She doesn't know King David watches,
doesn't know his lust — blind
to her virtue, her marriage.
I serve this most beautiful of women,
make the water warm, the soap fragrant.
I pour sweet oil between her breasts,
watch it drip on thighs and belly.
She is wed to Uriah, away at war,
but she’s lonely for men's praise,
looks often in the basin
to measure her own beauty.
I fear the king's desire. Their eyes meet,
and I know his will is hers as well.
God will smite them in their coupling.
What will become of me who keeps
their secrets? Are my loyalties to king
or God or to my mistress whom I love
as David loves her, as Uriah loves her.
My secrets must remain more secret still.
Sarah Russell has returned to poetry after a career teaching, writing and editing academic prose. Her work has been published in Kentucky Review, Red River Review, Ekphrastic Review, Misfit Magazine, and Psaltery and Lyre, among other print and online journals and anthologies. She has won awards from Goodreads, Poetry Nook, and is a 2017 Pushcart Prize nominee. She blogs at https://SarahRussellPoetry.net.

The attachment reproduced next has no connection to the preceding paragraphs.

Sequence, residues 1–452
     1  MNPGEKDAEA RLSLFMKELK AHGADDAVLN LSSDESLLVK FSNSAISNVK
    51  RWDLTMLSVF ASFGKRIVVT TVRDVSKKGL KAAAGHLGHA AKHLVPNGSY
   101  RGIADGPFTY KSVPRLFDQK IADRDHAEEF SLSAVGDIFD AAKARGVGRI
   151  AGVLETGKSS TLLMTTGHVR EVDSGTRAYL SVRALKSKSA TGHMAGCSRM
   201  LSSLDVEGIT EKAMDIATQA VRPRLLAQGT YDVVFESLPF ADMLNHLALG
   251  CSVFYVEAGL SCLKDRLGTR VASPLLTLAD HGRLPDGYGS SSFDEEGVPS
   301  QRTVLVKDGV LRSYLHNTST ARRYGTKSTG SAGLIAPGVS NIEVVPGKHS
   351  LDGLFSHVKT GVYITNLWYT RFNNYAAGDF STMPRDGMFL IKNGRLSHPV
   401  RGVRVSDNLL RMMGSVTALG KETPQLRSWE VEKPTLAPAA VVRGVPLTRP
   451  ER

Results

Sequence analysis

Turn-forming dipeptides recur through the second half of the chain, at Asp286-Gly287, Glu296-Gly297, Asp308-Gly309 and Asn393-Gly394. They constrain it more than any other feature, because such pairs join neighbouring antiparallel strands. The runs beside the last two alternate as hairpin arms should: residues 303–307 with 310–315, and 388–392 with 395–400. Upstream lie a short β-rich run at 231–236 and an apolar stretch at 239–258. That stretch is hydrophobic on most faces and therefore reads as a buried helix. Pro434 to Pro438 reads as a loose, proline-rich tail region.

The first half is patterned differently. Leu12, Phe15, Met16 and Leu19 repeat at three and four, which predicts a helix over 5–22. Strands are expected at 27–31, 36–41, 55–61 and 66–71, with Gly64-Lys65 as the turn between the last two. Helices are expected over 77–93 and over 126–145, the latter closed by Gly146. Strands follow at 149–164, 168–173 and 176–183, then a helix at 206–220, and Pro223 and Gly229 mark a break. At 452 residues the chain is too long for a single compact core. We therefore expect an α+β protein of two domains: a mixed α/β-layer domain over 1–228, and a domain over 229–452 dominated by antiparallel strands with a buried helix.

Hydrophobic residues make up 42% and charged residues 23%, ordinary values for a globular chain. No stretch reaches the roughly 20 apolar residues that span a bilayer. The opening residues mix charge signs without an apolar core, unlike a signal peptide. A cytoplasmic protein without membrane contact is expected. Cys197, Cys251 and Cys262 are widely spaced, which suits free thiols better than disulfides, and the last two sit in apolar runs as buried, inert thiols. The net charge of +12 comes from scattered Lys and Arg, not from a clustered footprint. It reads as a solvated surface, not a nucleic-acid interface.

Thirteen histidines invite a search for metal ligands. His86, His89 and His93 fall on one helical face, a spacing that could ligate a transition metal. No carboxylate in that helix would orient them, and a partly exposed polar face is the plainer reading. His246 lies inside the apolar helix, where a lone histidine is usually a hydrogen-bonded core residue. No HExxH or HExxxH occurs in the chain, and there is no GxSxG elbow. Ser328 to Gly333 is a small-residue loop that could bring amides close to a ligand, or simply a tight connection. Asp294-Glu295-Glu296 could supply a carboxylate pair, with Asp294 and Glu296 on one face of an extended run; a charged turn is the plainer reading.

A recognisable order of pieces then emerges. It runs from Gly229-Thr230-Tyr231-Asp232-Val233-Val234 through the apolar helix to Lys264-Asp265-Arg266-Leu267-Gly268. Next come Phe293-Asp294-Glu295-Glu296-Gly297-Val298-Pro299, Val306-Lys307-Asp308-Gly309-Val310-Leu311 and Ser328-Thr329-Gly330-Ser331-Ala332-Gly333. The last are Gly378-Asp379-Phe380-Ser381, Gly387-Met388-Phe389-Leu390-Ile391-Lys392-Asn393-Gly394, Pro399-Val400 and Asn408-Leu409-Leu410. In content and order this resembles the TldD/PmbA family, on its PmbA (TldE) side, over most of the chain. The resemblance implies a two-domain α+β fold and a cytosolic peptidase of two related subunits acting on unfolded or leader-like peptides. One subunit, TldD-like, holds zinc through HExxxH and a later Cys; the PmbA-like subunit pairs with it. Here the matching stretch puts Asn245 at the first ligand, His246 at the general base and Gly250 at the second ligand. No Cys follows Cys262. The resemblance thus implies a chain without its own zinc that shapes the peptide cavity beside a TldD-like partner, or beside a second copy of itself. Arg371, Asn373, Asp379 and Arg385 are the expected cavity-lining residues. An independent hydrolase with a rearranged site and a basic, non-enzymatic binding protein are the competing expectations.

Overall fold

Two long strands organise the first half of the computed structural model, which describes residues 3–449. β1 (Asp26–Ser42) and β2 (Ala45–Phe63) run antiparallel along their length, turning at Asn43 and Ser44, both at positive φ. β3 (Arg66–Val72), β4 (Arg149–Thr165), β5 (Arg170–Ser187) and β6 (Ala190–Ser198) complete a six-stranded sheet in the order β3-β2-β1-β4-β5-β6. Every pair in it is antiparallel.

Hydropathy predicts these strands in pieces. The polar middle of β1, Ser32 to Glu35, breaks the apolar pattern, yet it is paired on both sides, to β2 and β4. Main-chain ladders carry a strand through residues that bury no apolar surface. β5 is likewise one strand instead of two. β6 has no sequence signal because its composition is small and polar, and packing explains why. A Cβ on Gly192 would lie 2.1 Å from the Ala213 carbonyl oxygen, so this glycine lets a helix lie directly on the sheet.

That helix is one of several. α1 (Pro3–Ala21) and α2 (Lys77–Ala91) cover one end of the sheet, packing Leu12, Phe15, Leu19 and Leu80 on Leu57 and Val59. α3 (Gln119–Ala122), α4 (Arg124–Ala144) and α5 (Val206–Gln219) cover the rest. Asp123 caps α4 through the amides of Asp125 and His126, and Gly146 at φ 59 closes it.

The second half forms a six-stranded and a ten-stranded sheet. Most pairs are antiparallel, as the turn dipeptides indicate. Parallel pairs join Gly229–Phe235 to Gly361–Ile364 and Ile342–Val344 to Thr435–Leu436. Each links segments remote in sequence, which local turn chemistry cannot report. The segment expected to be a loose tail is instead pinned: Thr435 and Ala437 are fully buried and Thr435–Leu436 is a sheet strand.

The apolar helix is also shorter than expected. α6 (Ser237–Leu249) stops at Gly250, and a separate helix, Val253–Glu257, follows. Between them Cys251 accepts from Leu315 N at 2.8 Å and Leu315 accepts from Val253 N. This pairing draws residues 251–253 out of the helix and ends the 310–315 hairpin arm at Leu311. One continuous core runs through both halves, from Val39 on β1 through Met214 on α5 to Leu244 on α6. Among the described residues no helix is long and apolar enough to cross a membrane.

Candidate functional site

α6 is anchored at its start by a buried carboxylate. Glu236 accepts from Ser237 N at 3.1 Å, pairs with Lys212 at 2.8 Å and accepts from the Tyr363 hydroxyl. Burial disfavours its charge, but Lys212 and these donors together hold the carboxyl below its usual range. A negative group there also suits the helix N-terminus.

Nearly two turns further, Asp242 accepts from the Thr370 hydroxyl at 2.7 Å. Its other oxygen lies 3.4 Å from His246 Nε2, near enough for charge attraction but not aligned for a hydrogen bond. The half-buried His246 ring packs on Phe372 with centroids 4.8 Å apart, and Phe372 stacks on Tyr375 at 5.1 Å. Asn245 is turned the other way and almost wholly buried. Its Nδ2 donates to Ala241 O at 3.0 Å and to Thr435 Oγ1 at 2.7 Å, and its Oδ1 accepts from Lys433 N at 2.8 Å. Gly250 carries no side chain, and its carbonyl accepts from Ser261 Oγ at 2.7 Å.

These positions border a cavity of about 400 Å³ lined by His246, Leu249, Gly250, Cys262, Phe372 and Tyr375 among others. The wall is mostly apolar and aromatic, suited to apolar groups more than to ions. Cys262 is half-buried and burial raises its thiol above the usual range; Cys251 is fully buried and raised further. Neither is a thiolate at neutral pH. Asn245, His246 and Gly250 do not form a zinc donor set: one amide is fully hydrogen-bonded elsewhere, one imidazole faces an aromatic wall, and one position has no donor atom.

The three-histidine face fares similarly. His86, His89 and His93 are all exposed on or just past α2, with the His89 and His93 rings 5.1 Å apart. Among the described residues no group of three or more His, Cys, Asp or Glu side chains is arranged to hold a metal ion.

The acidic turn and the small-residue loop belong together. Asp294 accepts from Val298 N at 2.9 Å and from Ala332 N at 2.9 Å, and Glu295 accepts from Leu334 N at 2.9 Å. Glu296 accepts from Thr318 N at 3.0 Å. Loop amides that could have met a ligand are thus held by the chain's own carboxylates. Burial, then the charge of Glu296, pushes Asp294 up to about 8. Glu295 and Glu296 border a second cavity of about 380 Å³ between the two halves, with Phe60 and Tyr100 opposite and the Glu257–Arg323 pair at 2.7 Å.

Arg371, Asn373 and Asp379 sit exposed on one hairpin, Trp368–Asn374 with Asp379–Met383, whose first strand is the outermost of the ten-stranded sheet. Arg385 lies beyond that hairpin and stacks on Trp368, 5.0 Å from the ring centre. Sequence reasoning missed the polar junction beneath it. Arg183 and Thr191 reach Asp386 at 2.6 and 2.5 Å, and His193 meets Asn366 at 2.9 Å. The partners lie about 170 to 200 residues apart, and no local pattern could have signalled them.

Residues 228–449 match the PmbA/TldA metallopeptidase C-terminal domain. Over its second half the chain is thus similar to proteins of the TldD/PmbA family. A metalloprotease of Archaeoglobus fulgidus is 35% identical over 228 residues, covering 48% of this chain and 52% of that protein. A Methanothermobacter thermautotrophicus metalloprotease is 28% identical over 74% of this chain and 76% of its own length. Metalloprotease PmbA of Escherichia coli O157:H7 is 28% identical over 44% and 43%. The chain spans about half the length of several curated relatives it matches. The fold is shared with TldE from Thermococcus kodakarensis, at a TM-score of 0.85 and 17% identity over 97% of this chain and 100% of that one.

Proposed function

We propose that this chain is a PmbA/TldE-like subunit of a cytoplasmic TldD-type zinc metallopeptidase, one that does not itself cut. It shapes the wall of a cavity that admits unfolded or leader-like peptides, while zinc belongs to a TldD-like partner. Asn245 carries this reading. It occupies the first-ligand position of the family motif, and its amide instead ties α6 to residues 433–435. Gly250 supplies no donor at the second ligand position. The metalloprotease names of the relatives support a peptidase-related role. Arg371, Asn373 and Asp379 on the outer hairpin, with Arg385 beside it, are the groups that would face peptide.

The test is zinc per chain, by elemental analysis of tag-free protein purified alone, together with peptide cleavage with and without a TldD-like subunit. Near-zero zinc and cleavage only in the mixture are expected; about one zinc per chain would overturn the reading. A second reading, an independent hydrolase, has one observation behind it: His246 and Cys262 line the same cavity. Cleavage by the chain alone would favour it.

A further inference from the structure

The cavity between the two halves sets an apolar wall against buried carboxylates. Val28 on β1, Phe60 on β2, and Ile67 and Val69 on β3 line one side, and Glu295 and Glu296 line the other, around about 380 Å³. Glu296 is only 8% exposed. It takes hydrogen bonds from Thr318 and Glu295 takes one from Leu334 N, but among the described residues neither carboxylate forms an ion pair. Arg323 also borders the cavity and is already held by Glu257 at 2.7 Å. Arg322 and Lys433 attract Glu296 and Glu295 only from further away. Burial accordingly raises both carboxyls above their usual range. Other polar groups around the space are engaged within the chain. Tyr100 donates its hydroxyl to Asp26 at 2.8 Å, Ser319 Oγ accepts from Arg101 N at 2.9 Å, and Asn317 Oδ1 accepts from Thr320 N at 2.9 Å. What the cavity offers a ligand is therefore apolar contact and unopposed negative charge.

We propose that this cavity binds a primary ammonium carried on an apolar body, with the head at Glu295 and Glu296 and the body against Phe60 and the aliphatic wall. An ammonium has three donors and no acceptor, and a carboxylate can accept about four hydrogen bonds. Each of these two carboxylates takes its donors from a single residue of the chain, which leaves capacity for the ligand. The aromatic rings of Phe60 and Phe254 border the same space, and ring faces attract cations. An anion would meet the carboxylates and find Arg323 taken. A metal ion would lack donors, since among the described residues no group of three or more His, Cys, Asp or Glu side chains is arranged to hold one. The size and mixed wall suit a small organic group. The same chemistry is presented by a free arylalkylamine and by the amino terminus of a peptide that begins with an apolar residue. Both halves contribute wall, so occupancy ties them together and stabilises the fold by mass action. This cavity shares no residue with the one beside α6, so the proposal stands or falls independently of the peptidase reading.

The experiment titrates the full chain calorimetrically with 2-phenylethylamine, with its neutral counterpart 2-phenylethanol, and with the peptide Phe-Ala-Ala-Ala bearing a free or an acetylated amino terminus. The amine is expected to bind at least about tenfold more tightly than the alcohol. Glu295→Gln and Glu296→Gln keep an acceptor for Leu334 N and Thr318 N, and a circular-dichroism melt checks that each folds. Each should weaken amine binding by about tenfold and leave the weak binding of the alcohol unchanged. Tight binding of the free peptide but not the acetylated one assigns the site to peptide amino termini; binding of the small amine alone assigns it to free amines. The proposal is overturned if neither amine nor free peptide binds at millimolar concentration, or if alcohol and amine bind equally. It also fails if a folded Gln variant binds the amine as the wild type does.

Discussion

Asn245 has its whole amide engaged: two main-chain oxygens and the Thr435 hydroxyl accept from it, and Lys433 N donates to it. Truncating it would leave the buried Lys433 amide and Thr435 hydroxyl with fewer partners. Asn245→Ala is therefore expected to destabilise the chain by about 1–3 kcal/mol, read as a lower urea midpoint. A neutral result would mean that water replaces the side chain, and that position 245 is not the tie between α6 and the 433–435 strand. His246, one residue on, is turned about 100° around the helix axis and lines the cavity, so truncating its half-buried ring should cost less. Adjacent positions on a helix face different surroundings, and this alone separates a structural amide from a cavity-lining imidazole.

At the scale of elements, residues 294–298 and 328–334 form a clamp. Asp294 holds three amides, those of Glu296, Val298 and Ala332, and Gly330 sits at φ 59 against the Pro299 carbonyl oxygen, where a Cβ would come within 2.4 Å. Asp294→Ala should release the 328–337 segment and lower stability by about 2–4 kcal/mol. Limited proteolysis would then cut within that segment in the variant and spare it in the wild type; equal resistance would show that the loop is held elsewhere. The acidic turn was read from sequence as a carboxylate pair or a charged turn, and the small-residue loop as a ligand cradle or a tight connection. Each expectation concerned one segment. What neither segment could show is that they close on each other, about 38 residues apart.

4/5/2018 03:32:29 pm
I was holding my breath as I read this. Russell does a great job of holding us in the suspense felt by the servant. She also reminds us that our choices and actions ripple out to affect other lives as well as our own. How easy it is for those in power to make others powerless.
5/5/2018 06:01:48 pm
Thanks so much, Alarie. And thanks for sharing this on Facebook!
Your comment will be posted after it is approved.
Leave a Reply.
The Ekphrastic Review
Join us on Facebook: